Original title: Seamless beauty
THIS 1990’S CONCRETE HOME WAS COMPLETELY REMODELLED BY INTERIOR DESIGNER, MARC BHERER, TO MAXIMIZE FLOW BETWEEN THE VARIOUS LIVING AREAS AND MAKE BETTER USE OF THE SPACE.
PHOTOS : ADRIEN WILLIAMS
The owners of this closed floor-plan house wanted to open up the common rooms to create one continuous space. Aware that concrete homes can pose major challenges, they initially thought about moving. “My husband saw an article about a project designed by Marc Bherer, so he contacted him to find out if it was possible to remodel our house,” recounts one of the owners. The designer drew up two different proposals, and the owners fell in love with the second. “The challenges involved drains and other technical elements that could not be moved. However, a concrete frame and columns means there are no load-bearing walls, so we could remove the partition walls,” explains Bherer, the president and principal designer of firm, Desjardins Bherer. Although some walls did come down, the designer also highlighted what was already there, notably removing the cladding from the support pillars to reveal the concrete. This material creates a link between the rooms, starting with the entryway, which feels like an art gallery. “The large piece at the end of the hall hangs against the kitchen storage wall,” explains Bherer.
The various arches in the entryway have disappeared, numerous dividing walls have come down, but the different living areas are nonetheless well defined, thanks to the use of columns and the double-sided linear fireplace. Though the fireplace was original to the house, the surround was refaced to match the concrete. It faces the formal living room on one side and the dining room on the other. A new fireplace was added in the TV lounge area. Its base can hold storage and extends into the kitchen area in the form of a banquette. The open concept means that the home’s different areas are getting more use. “When everything was closed off, some rooms were almost never used,” notes the designer. However, it was important to unify all the spaces by playing with materials and textures to warm up the monochromatic decor.” There are two living rooms, but we did not want them to feel like two separate entities, so we used the same rug and lighting,” explains Bherer, who also standardized the warm white ceiling fixtures found throughout the space. Accent lamps in the living rooms and the spectacular chandelier over the dining room table create an inviting atmosphere.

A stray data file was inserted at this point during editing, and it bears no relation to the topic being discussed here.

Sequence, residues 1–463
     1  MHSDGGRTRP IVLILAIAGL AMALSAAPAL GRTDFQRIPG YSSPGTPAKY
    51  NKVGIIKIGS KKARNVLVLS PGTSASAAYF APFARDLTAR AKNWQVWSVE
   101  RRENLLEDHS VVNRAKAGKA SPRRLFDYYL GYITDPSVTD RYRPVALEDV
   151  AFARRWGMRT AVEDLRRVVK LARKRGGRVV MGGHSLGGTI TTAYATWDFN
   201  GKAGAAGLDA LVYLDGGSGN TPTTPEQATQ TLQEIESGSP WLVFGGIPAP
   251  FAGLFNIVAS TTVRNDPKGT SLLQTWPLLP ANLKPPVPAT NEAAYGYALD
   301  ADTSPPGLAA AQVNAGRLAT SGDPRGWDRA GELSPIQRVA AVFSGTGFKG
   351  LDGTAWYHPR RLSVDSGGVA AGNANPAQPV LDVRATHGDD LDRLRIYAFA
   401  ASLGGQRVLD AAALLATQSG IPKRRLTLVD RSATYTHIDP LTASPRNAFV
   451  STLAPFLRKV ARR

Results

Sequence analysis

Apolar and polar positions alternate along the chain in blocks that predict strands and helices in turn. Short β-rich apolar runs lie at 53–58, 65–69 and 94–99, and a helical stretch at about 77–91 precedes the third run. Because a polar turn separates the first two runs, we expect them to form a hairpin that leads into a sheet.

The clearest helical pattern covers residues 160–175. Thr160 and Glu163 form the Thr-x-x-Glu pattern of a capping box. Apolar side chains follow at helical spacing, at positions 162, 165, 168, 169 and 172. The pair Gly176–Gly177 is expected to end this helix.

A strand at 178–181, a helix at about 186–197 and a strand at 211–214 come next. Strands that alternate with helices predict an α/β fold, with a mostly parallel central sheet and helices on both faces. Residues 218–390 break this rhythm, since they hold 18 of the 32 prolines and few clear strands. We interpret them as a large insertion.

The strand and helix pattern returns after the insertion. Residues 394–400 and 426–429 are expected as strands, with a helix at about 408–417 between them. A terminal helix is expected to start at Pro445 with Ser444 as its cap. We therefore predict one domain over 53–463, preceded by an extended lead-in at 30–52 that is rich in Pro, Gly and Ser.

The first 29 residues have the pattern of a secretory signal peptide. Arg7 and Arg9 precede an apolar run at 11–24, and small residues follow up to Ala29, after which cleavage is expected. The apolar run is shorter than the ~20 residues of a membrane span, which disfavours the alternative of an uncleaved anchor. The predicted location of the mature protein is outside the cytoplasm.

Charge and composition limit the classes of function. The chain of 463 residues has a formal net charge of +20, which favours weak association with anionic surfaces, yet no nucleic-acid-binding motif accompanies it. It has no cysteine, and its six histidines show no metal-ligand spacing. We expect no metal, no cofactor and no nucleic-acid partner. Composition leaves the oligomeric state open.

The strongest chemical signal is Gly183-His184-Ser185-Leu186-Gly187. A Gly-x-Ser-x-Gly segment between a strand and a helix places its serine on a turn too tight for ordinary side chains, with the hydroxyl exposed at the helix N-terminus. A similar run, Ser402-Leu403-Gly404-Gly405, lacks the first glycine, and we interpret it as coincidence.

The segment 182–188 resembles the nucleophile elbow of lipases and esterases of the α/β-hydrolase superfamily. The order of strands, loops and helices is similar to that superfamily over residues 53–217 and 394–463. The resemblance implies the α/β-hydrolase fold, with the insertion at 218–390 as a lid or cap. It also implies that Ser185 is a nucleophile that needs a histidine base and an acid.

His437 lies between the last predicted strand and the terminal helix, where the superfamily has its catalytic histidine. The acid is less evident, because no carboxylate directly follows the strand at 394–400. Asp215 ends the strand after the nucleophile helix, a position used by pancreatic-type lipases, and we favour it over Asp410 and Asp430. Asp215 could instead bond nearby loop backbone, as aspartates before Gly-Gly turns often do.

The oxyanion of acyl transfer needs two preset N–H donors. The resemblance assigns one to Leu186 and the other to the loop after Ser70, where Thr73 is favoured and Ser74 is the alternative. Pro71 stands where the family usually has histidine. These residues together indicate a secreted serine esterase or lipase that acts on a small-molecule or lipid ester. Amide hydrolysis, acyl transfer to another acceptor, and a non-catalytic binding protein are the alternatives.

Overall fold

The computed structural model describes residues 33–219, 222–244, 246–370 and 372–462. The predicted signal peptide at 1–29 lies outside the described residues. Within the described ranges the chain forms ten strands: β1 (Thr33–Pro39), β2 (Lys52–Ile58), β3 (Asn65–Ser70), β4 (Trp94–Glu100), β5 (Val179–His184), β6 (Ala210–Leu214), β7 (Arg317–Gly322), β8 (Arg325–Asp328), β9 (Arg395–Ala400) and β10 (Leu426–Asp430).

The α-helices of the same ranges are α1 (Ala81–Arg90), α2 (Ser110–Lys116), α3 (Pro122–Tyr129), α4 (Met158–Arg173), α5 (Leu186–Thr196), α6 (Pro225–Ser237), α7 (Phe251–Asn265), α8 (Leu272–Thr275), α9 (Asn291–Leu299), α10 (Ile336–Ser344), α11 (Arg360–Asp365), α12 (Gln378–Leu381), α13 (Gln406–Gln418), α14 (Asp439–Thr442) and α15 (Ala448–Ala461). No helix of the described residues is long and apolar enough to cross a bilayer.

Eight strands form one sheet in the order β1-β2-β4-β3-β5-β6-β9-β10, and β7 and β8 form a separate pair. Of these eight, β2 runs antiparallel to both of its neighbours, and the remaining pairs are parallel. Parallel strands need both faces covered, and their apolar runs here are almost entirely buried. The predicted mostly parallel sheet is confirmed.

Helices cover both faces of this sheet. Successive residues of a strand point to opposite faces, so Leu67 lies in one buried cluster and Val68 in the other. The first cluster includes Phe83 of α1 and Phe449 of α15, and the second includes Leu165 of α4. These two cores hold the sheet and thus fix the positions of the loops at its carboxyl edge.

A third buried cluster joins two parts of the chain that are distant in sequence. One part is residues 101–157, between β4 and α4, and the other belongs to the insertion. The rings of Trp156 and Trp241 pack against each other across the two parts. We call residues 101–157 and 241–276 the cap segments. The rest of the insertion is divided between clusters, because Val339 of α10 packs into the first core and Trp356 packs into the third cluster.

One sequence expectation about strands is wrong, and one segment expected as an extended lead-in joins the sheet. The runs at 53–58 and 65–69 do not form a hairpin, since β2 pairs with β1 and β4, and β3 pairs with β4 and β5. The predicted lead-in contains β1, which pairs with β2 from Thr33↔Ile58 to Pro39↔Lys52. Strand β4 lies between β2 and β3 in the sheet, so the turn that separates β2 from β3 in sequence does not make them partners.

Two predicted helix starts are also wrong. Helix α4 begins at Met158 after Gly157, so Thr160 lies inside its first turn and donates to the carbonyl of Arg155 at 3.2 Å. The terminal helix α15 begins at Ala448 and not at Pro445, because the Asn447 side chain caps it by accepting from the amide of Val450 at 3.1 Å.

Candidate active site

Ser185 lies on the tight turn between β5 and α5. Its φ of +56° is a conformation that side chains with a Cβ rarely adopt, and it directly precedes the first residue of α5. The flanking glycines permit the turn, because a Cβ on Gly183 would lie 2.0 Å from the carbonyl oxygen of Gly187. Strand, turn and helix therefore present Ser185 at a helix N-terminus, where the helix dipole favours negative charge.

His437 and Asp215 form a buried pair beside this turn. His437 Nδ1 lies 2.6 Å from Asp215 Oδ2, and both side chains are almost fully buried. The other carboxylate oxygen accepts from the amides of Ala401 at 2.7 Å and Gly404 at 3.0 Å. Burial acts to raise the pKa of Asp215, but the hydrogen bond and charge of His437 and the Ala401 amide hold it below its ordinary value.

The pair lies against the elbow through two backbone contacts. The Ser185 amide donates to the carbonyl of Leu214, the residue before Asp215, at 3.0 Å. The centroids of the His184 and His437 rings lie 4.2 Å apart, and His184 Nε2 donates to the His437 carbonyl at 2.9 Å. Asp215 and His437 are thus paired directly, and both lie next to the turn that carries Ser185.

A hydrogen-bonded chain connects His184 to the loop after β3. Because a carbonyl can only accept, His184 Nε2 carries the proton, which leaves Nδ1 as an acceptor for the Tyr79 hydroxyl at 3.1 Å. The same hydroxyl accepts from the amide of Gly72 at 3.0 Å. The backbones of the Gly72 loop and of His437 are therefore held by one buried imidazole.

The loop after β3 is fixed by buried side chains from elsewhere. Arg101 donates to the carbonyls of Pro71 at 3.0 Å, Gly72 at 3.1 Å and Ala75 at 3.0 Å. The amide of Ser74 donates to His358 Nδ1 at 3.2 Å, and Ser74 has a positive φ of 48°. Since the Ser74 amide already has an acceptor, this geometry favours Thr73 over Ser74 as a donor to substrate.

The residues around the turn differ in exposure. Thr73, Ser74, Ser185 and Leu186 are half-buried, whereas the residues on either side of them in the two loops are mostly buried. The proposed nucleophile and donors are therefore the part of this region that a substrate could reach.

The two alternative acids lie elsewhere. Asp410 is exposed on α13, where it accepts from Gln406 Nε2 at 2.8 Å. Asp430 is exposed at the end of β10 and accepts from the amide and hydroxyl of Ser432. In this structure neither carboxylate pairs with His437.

“WE CUT GEOMETRIC SHAPES OUT OF THE OAK HEADBOARD TO PUT IN A BACKLIGHT SYSTEM. GREY TAFFETA CURTAINS HELP PRESERVE PRIVACY.”
After being completely rebuilt, expanded and opened up, the kitchen now has tons of natural light thanks to a large new skylight. The designer explains that the homeowner wanted a streamlined style with no upper cabinets. Therefore, he maximized undercounter storage and located all the small appliances in the storage wall facing the window. The quartz countertops and lacquered cabinets blend seamlessly into the decor.
The bathroom, formerly covered in blue mosaic tiles, now echoes the minimalist ambience of the new interior with Laminam tiles. “The wall of light in the bedroom is very warm. I find that everything comes together beautifully, even though every room is different; it’s extremely cosy and comfortable,” notes the homeowner.